When submitting patches created by a tool, everyone who does so submits them with wording like "found by tool XXX, we are not sure if this is correct or not, please advise." which is NOT what you did here at all. You were not asking for help, you were claiming that these were legitimate fixes, which you KNEW to be incorrect.

A few minutes with anyone with the semblance of knowledge of C can see that your submissions do NOT do anything at all, so to think that a tool created them, and then that you thought they were a valid "fix" is totally negligent on your part, not ours.  You are the one at fault, it is not our job to be the test subjects of a tool you create.

Our community welcomes developers who wish to help and enhance Linux. That is NOT what you are attempting to do here, so please do not try to frame it that way.

Our community does not appreciate being experimented on, and being "tested" by submitting known patches that are either do nothing on purpose or introduce bugs on purpose.  If you wish to do work like this, I suggest you find a different community to run your experiments on, you are not welcome here.

These developers won't be coming back again. And, because the University of Minnesota didn't stop them after being warned, Kroah-Hartman hit the entire school with the biggest club in the Linux kernel arsenal: "I will now have to ban all future contributions from your University and rip out your previous contributions, as they were obviously submitted in bad-faith with the intent to cause problems."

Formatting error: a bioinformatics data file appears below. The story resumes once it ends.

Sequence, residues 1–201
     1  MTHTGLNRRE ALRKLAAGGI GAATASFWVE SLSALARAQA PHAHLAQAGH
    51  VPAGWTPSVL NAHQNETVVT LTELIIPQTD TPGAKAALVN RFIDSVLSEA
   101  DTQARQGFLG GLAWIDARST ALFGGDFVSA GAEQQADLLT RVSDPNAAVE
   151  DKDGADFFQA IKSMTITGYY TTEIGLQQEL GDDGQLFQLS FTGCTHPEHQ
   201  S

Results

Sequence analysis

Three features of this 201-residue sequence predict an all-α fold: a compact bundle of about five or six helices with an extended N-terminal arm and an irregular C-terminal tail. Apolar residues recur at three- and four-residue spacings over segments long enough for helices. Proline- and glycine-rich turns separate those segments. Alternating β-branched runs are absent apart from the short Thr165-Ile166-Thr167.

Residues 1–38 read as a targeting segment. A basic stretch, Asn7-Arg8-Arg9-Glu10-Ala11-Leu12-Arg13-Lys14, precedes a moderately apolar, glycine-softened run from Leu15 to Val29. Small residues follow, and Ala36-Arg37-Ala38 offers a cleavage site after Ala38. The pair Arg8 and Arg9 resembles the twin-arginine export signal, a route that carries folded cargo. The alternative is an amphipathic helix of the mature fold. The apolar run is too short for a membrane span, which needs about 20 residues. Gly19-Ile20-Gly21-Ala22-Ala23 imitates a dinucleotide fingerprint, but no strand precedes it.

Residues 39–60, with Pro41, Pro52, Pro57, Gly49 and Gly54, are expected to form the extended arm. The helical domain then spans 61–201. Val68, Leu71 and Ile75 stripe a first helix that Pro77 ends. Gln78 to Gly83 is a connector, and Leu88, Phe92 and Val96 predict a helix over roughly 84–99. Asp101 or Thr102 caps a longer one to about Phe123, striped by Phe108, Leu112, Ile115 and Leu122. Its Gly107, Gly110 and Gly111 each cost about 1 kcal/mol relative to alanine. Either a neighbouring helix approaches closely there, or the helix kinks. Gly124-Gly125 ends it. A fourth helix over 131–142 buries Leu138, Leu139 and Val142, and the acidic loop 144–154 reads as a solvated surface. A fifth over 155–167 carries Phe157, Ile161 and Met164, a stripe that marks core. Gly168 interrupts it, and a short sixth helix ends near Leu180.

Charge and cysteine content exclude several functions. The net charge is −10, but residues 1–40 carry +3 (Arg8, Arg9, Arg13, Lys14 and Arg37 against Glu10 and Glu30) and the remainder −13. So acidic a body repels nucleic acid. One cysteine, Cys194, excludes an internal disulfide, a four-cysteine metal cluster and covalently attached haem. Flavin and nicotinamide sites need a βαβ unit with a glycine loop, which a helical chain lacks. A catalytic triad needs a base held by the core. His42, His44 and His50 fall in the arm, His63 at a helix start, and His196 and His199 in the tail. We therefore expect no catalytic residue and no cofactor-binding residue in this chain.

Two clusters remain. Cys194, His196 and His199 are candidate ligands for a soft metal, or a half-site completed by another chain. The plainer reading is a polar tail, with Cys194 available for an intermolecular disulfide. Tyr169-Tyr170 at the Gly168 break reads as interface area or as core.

Most Linux kernel developers and other programmers agree with Kroah-Hartman. Ted T'so, a senior Linux kernel developer and Google engineer, notes that while the professor in charge of this project, Kangjie Lu, has done useful security work in the past:  

The problem is that Prof. Lu and his team seem to be unrepentant, and has some very... skewed... ideas over what is considered ethical, and acceptable behavior vis-a-vis the Kernel development community.  The fact that the UMN IRB [Institutional Review Board] team believes that what Prof. Lu is doing isn't considered in scope for human experimentation means that there isn't any kind of institutional controls at UMN for this sort of behavior -- which is why a University-wide Ban may be the only right answer, unfortunately.

Red Hat Technology Strategist, Jered Floyd, went farther in his tweet, "This is worse than just being experimented upon; this is like saying you're a 'safety researcher' by going to a grocery store and cutting the brake lines on all the cars to see how many people crash when they leave. Enormously unethical."

The researchers claim in their paper that none of their patches actually ever made it into any Linux code repositories, that they only appeared in an e-mail rather than becoming a Git commit to any Linux kernel branch. That is not the case.

Romanovsky reported that he had looked at four accepted patches from Pakki "and 3 of them added various severity security 'holes.'" Sudip Mukherjee, Linux kernel driver and Debian developer, followed up and said "a lot of these have already reached the stable trees." These patches are now being removed. 

So, not only did these "researchers" waste the time of Linux committers but they actually introduced bad code into the Linux kernel. After this, I think I can safely say none of them will ever be welcome in the Linux kernel or any other open-source project in the future.